On the Town
The world parades past Yabu Pushelberg's Times Square restaurant—inside Blue Fin, the show goes on
Sheila Kim -- Interior Design, 9/1/2002 12:00:00 AM
Despite its recent Disnification, Times Square remains a swarm of camera-toting tourists, cacophonous cabs, blinking billboards, and flashy storefronts angling for attention. Within this blur of activity, it takes some inspired thinking to command attention—quietly. Which is exactly what design firm Yabu Pushelberg delivered for Blue Fin, the swanky seafood restaurant at the W New York Times Square hotel.
The firm opted for a subdued street-front statement: a glazed enclosure that juts out onto a corner of Broadway. "You just can't compete with Times Square signage," says Glenn Pushelberg, who oversaw the project with partner George Yabu. The designers placed glowing resin bar tables and satin-finished stainless-steel stools just inside the glass facades, providing an ideal fish bowl for people watching—from within or without. "The tables become beacons for passersby," Pushelberg says. The floor is paved with randomly sized bricks of terrazzo and Carrara marble, a luxurious treatment that contrasts with the concrete sidewalk visible just outside. A long bar, fronted with white river stones embedded in clear resin, completes this front area. Call it Zen meets industrial chic.
After a quick see-and-be-seen drink, guests move into the dining area, which stretches over two levels. The ground floor is "fast, clattery, and cafélike," says Pushelberg. "People can get in and out quickly." Walnut tables contrast with the white leather upholstery of Eero Saarinen chairs. A sushi bar tucked beneath the staircase to the upper level has a cast-concrete top and reiterates the river-stone bar-front treatment. Spanning a wall of banquettes, lit by simple rectangular acrylic pendants, an artful composition of backlit acrylic is overlaid with stainless-steel panels. Polished to a mirrored finish, they reflect flickers of motion as patrons navigate the staircase opposite.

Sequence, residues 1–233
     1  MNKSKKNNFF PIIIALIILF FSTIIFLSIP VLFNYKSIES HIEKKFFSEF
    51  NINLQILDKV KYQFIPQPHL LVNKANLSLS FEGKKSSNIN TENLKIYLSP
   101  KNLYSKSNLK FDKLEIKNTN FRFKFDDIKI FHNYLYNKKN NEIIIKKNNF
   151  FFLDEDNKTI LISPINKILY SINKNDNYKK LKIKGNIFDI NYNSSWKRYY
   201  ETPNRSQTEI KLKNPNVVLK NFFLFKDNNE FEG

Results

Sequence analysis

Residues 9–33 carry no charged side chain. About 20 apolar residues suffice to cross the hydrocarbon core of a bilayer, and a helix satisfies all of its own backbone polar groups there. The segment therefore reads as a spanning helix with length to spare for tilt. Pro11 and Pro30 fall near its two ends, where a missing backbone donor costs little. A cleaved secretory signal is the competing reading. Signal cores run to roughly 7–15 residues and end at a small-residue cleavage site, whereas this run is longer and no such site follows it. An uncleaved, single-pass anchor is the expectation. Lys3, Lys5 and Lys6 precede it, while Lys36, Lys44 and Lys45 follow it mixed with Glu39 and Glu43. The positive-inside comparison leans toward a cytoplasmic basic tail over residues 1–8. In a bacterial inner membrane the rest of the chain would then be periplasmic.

Despite its roomier dimensions, the upper level, which includes a main dining room and three private party spaces, possesses a more intimate feel. "Downstairs there's more hustle and bustle, while the upper level features sensual finishes that invite people to relax and linger," says Pushelberg. In the main space, banquettes upholstered in dark, moss-hued leather line the perimeter wall surfaced in aniline-dyed cowhide. Pushelberg, whose firm completed the beauty level at department store Bergdorf Goodman two years ago, describes the origin of this unusual treatment: "George and I first thought of using the material at Bergdorf's, for a purse-display wall to set off shimmery handbags." (For logistical reasons, the store didn't make use of the cowhide concept.) Between recessed booths, the dividing walls are faced with panels of amber-colored distressed mirror.
The dense layering of materials continues in the private rooms that flank the main dining area of the upper floor. Color schemes, however, shift for a change of mood. Two of the three feature sophisticated charcoal hues. The smallest room, which Pushelberg nicknamed the "hot room," is dominated by fiery reds and ringed by rows of flickering candles on walnut ledges. All three rooms are lit by oversize lanterns made from hemp-wrapped wire frames.
The design team's central challenge was to forge a link between the two floors which—by nature of their differing proportions and relationship to the Times Square streetscape—conjure rather distinct moods. Yabu Pushelberg bridged the gap by means of a cantilevered staircase with a glass balustrade that unfolds dramatically along a double-height wall. Designed by artisans imported from Toronto, where Yabu Pushelberg was founded, the wall features an off-white plaster treatment formed in stylized waves. Japanese artist Hirotoshi Sawada's school of black polycarbonate fish, a subtle reminder of Blue Fin's seafood specialty, is suspended right in front. "The staircase is sculptural, beautiful, and engaging," says Pushelberg. "But in a very quiet way."